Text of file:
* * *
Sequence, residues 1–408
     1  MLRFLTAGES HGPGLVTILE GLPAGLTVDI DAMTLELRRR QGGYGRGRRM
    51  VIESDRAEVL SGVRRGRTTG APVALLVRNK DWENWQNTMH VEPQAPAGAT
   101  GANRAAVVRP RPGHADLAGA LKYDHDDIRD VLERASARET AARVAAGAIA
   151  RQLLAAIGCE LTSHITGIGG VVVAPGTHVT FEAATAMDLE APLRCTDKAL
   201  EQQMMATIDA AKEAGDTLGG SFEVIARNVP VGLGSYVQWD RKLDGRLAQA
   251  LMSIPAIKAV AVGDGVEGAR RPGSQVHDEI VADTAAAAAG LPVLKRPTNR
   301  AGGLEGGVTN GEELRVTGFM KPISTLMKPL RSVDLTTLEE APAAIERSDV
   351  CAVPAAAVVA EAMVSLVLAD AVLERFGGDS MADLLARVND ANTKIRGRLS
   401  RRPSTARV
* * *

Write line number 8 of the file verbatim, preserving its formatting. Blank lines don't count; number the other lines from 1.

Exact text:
   301  AGGLEGGVTN GEELRVTGFM KPISTLMKPL RSVDLTTLEE APAAIERSDV